Altered cellular redox homeostasis and redox responses under standard oxygen cell culture conditions versus physioxia
Ferguson, DCJ; Smerdon, GR; Harries, LW; et al.Dodd, NJF; Murphy, MP; Curnow, A; Winyard, PG
Date: 22 August 2018
Free Radical Biology and Medicine
In vivo, mammalian cells reside in an environment of 0.5-10% O2 (depending on the tissue location within the body), whilst standard in vitro cell culture is carried out under room air. Little is known about the effects of this hyperoxic environment on treatment-induced oxidative stress, relative to a physiological oxygen environment. ...
In vivo, mammalian cells reside in an environment of 0.5-10% O2 (depending on the tissue location within the body), whilst standard in vitro cell culture is carried out under room air. Little is known about the effects of this hyperoxic environment on treatment-induced oxidative stress, relative to a physiological oxygen environment. In the present study we investigated the effects of long-term culture under hyperoxia (air) on photodynamic treatment. Upon photodynamic irradiation, cells which had been cultured long-term under hyperoxia generated higher concentrations of mitochondrial reactive oxygen species, compared with cells in a physioxic (2% O2) environment. However, there was no significant difference in viability between hyperoxic and physioxic cells. The expression of genes encoding key redox homeostasis proteins and the activity of key antioxidant enzymes was significantly higher after the long-term culture of hyperoxic cells compared with physioxic cells. The induction of antioxidant genes and increased antioxidant enzyme activity appear to contribute to the development of a phenotype that is resistant to oxidative stress-induced cellular damage and death when using standard cell culture conditions. The results from experiments using selective inhibitors suggested that the thioredoxin antioxidant system contributes to this phenotype. To avoid artefactual results, in vitro cellular responses should be studied in mammalian cells that have been cultured under physioxia. This investigation provides new insights into the effects of physioxic cell culture on a model of a clinically relevant photodynamic treatment and the associated cellular pathways.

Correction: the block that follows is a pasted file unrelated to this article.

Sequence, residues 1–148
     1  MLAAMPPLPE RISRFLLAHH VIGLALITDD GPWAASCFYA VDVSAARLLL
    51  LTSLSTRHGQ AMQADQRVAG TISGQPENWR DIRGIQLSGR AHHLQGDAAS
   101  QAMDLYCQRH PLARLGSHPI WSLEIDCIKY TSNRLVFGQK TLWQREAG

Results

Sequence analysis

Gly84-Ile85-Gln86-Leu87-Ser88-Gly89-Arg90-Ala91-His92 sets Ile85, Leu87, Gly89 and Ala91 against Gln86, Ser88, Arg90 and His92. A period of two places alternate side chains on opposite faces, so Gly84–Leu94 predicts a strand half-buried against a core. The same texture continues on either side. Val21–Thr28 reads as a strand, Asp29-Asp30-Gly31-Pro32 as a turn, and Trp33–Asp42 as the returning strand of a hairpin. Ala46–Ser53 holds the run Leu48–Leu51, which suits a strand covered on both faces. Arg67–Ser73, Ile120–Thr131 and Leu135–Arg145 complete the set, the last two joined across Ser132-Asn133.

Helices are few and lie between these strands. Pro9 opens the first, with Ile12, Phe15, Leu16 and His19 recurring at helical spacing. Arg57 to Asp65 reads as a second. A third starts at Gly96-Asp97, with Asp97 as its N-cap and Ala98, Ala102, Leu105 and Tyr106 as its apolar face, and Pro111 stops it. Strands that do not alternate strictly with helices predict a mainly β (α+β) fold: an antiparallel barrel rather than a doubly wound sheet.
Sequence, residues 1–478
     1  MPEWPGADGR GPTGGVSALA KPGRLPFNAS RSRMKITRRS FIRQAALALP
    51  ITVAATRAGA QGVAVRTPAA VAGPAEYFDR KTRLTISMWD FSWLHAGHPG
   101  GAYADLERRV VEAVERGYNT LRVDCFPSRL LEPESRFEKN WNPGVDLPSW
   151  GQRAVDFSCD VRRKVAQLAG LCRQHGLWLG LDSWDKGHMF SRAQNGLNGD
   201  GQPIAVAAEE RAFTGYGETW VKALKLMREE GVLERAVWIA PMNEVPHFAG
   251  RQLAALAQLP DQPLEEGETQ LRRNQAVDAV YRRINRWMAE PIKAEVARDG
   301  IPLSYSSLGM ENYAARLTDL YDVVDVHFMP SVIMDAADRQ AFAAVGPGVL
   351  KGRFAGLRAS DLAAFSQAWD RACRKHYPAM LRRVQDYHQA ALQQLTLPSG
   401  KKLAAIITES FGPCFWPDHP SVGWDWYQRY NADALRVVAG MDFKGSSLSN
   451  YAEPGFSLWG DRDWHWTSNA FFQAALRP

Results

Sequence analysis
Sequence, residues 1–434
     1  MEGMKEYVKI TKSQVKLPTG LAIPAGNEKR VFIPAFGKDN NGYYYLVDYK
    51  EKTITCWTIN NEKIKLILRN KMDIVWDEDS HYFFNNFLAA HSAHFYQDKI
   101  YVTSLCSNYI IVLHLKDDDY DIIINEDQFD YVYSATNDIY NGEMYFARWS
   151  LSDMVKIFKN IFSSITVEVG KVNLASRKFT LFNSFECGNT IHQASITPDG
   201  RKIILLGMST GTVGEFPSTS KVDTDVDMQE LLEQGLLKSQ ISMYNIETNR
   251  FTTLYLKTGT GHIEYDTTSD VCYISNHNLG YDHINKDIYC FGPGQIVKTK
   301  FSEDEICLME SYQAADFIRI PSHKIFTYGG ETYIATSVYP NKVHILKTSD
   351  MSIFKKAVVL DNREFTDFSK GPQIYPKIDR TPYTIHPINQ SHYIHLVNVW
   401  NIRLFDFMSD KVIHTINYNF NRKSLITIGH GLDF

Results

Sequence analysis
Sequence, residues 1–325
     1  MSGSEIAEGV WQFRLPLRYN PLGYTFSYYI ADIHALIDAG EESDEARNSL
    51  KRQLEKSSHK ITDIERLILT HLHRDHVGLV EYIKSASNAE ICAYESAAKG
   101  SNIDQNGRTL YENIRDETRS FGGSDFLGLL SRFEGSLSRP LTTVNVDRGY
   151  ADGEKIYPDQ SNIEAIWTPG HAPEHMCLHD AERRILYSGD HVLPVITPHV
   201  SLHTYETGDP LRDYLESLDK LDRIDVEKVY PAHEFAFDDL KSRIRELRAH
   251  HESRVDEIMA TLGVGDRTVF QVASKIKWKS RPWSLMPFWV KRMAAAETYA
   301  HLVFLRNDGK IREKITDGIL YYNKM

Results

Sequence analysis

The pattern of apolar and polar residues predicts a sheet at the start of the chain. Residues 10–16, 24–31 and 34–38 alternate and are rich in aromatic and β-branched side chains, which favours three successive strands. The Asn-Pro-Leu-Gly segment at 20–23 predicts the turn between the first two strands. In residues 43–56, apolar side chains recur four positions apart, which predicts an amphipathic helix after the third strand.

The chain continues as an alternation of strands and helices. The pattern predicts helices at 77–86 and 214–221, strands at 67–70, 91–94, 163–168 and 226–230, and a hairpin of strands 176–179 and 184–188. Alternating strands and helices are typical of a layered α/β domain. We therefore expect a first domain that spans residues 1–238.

Institute of Biomedical & Clinical Science
College of Medicine and Health
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